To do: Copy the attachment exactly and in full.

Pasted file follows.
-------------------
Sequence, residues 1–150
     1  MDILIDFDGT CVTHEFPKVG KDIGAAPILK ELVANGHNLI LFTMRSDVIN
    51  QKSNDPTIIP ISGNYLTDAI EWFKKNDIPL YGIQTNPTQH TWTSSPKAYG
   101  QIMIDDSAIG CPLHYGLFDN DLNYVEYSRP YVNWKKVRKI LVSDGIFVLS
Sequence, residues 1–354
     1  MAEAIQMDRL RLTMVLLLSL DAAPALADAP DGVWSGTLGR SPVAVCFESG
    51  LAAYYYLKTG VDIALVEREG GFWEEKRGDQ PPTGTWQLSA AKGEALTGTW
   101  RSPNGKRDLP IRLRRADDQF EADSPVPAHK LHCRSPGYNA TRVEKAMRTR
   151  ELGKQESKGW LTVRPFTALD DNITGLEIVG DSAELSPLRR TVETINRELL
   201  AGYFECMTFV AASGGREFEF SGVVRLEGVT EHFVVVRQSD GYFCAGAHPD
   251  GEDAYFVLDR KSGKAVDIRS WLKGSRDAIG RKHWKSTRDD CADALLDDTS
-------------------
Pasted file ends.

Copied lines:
Sequence, residues 1–150
     1  MDILIDFDGT CVTHEFPKVG KDIGAAPILK ELVANGHNLI LFTMRSDVIN
    51  QKSNDPTIIP ISGNYLTDAI EWFKKNDIPL YGIQTNPTQH TWTSSPKAYG
   101  QIMIDDSAIG CPLHYGLFDN DLNYVEYSRP YVNWKKVRKI LVSDGIFVLS
Sequence, residues 1–354
     1  MAEAIQMDRL RLTMVLLLSL DAAPALADAP DGVWSGTLGR SPVAVCFESG
    51  LAAYYYLKTG VDIALVEREG GFWEEKRGDQ PPTGTWQLSA AKGEALTGTW
   101  RSPNGKRDLP IRLRRADDQF EADSPVPAHK LHCRSPGYNA TRVEKAMRTR
   151  ELGKQESKGW LTVRPFTALD DNITGLEIVG DSAELSPLRR TVETINRELL
   201  AGYFECMTFV AASGGREFEF SGVVRLEGVT EHFVVVRQSD GYFCAGAHPD
   251  GEDAYFVLDR KSGKAVDIRS WLKGSRDAIG RKHWKSTRDD CADALLDDTS